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Egypt said the best way to mark the centenary of Tutankhamun tomb's discovery would be inaugurating a new state-of-the-art museum later this year to house the ancient boy king's vast treasures.
The Grand Egyptian Museum (GEM), a mega project on the outskirts of the capital that Egypt said would be the biggest museum in the world dedicated to a single civilization, nears completion as the country applies the finishing touches ahead of its opening.
"If the coronavirus-related conditions are stable, then the (museum's) opening would be in the second half of the year," Egypt's antiquities and tourism minister Khaled el-Anany told ABC News on the sidelines of the World Youth Forum, an annual international youth conference that the country hosts in the Red Sea resort of Sharm El-Sheikh.
"We will be ready by the middle of this year … but we want to make sure that our guests can arrive in large numbers. We aim to invite presidents and kings from all over the world," el-Anany said.
The nearly 480,000 square meter museum, which overlooks the famed Giza Pyramids, will hold more than 100,000 artifacts. About 5,000 belong to Tutankhamun, the famous 18th dynasty ruler who died at the age of 19 after a 10-year reign.
The Egyptian Museum, a 120-year-old red storied structure built in Cairo's central Tahrir square, housed less than 3,000 of those objects, including Tutankhamun's golden burial mask. Other artifacts were kept in the museum's storerooms.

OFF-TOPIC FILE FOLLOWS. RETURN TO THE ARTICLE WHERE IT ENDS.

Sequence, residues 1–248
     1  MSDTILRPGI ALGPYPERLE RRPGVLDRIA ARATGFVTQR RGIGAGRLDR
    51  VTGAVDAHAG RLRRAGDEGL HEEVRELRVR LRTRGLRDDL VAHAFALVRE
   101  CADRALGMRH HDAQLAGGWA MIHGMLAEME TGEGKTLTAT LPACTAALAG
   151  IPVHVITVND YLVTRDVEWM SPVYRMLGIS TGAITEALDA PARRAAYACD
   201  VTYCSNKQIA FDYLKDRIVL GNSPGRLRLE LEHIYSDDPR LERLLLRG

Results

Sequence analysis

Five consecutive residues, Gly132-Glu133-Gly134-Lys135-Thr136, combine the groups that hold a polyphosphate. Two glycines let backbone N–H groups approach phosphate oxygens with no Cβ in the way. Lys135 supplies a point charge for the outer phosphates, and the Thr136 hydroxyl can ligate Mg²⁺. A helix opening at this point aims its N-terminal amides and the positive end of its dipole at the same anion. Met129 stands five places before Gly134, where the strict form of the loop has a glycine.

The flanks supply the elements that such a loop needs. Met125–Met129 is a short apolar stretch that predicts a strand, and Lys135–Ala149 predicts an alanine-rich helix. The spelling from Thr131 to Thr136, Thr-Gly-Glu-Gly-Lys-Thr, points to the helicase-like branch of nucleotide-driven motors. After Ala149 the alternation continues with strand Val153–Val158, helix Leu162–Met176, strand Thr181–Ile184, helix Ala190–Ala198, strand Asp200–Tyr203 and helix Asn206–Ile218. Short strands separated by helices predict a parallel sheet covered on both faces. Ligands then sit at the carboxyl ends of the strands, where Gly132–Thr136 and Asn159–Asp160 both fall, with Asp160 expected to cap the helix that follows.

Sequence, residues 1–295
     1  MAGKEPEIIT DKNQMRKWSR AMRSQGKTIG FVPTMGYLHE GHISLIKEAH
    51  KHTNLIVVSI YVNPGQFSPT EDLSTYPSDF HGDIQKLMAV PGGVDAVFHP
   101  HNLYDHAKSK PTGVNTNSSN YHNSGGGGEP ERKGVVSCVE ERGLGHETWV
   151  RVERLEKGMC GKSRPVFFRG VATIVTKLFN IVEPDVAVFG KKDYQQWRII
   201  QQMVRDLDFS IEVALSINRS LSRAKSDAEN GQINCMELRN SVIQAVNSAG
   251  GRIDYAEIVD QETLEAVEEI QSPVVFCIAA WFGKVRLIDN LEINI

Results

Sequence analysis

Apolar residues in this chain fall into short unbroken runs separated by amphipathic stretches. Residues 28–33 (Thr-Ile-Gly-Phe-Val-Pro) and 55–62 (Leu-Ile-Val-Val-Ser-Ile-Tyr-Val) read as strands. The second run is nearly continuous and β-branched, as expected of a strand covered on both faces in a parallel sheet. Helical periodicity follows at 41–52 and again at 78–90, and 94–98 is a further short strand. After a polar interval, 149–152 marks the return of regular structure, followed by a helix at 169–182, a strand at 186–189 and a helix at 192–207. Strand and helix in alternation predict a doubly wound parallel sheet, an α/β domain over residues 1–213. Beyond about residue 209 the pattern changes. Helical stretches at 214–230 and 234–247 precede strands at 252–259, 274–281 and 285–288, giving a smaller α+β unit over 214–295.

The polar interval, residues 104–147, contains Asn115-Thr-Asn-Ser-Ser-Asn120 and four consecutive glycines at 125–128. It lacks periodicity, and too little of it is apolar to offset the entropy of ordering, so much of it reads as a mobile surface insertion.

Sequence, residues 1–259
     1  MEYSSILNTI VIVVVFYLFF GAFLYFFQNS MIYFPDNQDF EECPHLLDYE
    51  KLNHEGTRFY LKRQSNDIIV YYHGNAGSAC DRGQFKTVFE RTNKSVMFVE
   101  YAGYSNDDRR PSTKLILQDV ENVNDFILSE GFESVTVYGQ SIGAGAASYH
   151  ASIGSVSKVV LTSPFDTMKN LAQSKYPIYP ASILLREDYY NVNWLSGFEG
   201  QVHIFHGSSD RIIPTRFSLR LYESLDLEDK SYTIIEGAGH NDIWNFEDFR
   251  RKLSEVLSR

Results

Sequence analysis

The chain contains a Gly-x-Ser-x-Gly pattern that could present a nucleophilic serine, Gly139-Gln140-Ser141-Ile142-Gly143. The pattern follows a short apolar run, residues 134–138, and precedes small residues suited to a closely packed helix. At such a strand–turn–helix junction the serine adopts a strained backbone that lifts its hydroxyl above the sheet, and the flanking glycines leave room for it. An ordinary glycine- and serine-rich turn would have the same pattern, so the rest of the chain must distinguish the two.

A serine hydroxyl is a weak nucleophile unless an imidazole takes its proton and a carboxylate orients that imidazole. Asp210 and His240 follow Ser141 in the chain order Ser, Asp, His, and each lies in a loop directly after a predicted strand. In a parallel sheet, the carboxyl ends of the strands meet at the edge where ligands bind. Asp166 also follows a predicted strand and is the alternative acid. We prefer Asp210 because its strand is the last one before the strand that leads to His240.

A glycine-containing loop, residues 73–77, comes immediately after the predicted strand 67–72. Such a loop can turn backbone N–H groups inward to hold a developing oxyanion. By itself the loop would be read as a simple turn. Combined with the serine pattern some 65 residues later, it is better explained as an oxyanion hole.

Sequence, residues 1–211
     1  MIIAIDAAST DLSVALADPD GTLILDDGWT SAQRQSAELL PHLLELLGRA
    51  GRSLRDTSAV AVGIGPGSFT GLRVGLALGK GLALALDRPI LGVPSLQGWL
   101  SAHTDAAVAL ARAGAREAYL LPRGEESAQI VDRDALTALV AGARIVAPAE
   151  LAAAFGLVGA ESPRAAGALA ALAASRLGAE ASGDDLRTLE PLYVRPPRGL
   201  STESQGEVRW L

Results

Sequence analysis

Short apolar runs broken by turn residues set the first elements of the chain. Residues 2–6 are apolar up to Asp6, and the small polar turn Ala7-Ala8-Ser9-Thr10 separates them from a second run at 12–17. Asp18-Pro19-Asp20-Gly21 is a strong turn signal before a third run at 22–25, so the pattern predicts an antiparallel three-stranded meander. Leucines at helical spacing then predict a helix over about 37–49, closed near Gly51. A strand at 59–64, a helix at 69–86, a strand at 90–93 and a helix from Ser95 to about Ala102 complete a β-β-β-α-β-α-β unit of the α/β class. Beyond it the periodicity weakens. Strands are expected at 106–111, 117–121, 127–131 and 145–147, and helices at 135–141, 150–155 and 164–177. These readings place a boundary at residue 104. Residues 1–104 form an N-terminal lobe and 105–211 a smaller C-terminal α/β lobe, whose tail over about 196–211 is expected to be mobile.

However, a century after British archeologist Howard Carter discovered those treasures in Luxor's Valley of the Kings in 1922, they will be displayed in full for the first time when the Grand Egyptian Museum opens.
"The GEM is distinguished by its location, architecture and the full collection of Tutankhamun," el-Anany added.
"We are celebrating the 200-year anniversary of Egyptology and 100-year anniversary of Tutankhamun tomb's discovery in many parts of the world through Egyptian institutions. However, I believe that the best celebration of Tutankhamun would be opening the Grand Egyptian Museum," he said.
String of discoveries
Egypt made a string of discoveries over the past few years as it seeks to lure back tourists following the adverse effects of the political turmoil that followed the 2011 revolution and 2013 mass protests along with the COVID-19 pandemic.
The highlight of 2021, according to el-Anany, was the unearthing of a 3,000-year-old city in the southern province of Luxor, which Egypt had termed the "Lost Golden City." It dates back to the 18th-dynasty of King Amenhotep III, who ruled Egypt from 1391 till 1353 B.C.
Egypt also held two lavish ceremonies to transfer 22 mummies from the Egyptian Museum in Tahrir to a newly-inaugurated museum in the old Islamic city of Fustat in a "royal procession" and to celebrate the opening of a 3,000-year-old sphinx-filled avenue in Luxor.
"The numbers of tourists were increasing last year until December when the new coronavirus variant emerged … we are in the recovery phase, but we hope there would be no more variants," El-Anany said.
El-Anany told ABC News that Egypt plans to announce another significant discovery in February or March, which he said will "capture the world's attention." However, he refused to disclose further details.